I agree, I am now and have always been a pragmatist. Each family member either has the condition or not. If they do the knowledge of its existence would allow them to identify warning signs earlier and thus remove themselves from any situation where they could be a threat to themselves or others. Added to which not knowing isnt going to change the situation it just masks it in fog, which I would argue makes it a lot worse.

Fortunately there are a strict set of guidelines in place for medical staff so they can always tell themselves "I followed the rules" its far from being able to say "I did the right thing" but its enough to enable you to keep coming in to work.

Vincent said...

Yes, but it's not as if disclosure is urgent. I know you could construct "what-if" scenarios like a pilot son, but in practice the thing could be brooded over for many months without a sense of panic needing to creep in. If I were the doctor, I would urge the patient to tell some professional with whom he could discuss it over time - e.g. counsellor or hospital chaplain; someone who would not take the medical view as priority, but be respectful of the patient's point of view and motives. With the right kind of listener, I feel that the patient could come to the most holistic (good-for-everyone) course of action.

This would relieve the doctor's conscience and prevent a conflict of interests.

Vincent said...
This comment has been removed by the author.
Hogday said...

I think the answer lies in what Sage and you have concluded from your own pragmatism. Patient is preventing someone from reaching their own conclusions and making their own choices and denying them of their fundamental right to know of something that affects them. In my previous life, I was often sent to deliver `bad news` and the temptation to water it down to make it easier to swallow was great. But ultimately it was me who wanted it easy, whilst not wanting to inflict pain on a fellow human being, but I had no right to do that. Painful as it often was, I delivered the full facts as I knew them and, thereafter, tried to support and guide the recipient to reach their own solution based on truth.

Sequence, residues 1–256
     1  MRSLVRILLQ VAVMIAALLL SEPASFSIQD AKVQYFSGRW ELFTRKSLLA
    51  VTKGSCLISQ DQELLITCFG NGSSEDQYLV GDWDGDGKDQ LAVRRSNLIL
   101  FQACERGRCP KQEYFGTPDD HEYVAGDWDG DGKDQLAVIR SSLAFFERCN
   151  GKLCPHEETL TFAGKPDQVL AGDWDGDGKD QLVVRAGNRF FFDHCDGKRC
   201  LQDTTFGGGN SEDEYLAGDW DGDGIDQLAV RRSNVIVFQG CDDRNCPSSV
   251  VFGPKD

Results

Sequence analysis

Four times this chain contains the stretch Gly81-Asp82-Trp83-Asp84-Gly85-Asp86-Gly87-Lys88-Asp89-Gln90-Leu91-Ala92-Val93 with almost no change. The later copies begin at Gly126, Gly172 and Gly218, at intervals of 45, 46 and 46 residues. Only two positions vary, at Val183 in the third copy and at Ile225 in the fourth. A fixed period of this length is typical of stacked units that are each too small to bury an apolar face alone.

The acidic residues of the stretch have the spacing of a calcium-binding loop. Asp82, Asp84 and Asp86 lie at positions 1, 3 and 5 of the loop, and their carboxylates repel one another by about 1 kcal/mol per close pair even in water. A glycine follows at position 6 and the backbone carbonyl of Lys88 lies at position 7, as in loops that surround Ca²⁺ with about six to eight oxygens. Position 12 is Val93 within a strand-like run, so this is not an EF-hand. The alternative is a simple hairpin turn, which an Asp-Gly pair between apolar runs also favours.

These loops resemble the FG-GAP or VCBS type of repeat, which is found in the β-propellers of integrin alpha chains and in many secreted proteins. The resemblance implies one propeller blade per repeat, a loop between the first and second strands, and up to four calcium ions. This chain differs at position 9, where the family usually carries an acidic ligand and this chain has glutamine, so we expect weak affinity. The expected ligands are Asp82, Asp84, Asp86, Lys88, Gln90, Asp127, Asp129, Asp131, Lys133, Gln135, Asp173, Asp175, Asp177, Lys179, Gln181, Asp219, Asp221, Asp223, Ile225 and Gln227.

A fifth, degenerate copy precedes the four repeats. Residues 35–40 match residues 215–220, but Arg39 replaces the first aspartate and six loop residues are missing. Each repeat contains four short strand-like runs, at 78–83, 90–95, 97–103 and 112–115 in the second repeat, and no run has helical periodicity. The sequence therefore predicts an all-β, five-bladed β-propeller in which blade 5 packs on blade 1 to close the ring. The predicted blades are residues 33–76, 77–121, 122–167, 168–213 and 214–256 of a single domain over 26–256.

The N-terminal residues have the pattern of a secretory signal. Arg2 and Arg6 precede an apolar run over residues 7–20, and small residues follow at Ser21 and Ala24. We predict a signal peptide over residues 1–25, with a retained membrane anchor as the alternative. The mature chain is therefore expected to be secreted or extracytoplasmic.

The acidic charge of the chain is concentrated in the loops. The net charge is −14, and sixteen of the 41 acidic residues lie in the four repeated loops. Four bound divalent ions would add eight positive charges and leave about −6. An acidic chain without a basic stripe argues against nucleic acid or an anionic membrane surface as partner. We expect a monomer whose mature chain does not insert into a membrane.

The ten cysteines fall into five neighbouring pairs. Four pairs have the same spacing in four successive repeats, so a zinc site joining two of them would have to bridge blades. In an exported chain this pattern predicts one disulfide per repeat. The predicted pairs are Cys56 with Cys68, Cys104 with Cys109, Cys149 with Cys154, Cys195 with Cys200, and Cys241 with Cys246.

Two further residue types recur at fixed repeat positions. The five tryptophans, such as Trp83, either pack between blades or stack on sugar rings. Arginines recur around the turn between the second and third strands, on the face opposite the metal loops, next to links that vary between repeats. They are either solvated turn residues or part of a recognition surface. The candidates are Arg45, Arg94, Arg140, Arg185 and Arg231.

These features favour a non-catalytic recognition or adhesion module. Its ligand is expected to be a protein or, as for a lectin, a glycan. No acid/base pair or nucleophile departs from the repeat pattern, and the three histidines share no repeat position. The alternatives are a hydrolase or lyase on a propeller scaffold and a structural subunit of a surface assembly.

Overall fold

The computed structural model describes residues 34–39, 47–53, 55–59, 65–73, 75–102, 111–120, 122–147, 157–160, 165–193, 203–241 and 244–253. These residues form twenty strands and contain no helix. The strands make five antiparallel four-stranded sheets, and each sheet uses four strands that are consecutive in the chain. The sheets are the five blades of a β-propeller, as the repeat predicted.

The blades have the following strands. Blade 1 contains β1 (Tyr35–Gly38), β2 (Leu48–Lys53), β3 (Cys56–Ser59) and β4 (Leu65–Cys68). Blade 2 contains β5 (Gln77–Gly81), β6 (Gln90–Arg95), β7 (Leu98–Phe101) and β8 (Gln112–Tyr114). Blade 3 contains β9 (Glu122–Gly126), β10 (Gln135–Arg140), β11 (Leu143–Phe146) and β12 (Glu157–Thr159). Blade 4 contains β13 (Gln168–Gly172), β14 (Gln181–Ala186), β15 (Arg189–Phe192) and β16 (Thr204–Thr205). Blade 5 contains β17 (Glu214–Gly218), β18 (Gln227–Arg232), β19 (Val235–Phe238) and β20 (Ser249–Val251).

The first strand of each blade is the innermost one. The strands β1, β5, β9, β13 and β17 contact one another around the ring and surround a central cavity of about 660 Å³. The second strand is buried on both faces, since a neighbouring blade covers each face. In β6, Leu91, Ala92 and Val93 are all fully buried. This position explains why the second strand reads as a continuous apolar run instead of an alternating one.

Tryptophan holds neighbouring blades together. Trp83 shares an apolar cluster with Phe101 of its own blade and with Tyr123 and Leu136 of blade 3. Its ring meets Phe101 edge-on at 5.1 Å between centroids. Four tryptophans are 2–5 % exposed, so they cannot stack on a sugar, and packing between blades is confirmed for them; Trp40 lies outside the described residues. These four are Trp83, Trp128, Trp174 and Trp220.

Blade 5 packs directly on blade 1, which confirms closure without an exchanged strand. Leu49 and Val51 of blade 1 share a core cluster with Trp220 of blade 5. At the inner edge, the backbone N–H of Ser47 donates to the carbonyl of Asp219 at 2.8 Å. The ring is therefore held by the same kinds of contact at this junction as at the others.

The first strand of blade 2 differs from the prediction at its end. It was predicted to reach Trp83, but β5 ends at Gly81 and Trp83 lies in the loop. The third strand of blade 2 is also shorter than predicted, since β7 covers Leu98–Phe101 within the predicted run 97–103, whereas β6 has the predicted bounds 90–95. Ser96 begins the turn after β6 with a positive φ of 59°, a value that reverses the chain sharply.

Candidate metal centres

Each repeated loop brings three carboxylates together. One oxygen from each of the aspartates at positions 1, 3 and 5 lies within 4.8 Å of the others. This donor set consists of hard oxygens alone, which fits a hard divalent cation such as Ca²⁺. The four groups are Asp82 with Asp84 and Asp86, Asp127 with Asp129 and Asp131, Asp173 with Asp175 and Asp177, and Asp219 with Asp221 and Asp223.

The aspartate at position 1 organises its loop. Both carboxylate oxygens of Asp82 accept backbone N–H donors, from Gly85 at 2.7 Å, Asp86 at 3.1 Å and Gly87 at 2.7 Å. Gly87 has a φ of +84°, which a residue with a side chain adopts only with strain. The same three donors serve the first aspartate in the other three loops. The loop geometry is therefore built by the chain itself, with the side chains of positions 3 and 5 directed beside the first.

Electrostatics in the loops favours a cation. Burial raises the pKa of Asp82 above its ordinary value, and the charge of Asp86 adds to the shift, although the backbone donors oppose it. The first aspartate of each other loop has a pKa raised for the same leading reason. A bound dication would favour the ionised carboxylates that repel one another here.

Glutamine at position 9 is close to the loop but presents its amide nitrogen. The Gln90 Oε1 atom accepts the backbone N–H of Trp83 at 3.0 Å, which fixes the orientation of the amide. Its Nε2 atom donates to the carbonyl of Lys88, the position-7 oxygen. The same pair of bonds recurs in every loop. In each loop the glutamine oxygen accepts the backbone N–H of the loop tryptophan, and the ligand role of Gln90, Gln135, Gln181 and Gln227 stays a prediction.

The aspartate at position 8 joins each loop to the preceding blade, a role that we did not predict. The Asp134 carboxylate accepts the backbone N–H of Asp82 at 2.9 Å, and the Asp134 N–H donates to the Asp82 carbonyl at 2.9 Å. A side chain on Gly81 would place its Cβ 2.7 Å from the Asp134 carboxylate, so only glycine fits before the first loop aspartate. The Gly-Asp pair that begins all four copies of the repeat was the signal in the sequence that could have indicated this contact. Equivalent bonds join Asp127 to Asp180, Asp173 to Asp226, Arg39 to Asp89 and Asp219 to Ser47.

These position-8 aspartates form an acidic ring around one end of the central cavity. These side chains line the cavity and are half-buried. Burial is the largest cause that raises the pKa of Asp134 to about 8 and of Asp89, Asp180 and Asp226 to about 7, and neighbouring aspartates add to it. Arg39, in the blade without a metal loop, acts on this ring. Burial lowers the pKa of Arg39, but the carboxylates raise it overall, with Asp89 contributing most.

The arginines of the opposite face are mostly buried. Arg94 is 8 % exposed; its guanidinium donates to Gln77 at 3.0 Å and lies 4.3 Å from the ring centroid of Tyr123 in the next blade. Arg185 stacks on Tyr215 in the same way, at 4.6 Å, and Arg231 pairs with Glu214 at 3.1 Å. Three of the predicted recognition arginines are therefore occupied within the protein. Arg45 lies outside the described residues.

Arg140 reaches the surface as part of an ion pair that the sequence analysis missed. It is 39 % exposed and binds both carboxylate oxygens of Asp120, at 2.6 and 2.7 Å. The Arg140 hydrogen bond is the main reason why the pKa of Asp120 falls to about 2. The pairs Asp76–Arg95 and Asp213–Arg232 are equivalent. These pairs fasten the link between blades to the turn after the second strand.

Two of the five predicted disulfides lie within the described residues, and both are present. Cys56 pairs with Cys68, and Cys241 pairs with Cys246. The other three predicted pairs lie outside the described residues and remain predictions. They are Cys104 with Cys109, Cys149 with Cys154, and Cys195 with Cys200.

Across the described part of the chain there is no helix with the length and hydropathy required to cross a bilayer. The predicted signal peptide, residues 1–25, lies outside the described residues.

Asclepius said...

Hogday - Do you think that opinion is part of an attitude we share in front line public services?(police, medical, etc). I know in my current life as a student nurse and my past life in the forces I seem to apply the attitude of "get the job done quickly and cleanly". I feel this attitude protects me in some cases from feeling helpless or out of control. I am just wondering if its a necessary defense mechanism in this kind of work.

Vincent - You are probably right, I think sometimes in medicine we turn everything into an emergency because we know how to deal with emergencies, the solution is immediate and most of us dont have the patience or nerves to consider the far long term prospects. However in this case any one of the patients family members could effectively be a walking time bomb.


I certainly hope that should the worst happen and I receive a bad diagnosis at sometime in my life, or have a police officer knocking on my door with bad news they wont beat around the bush. I think it just how my mind works.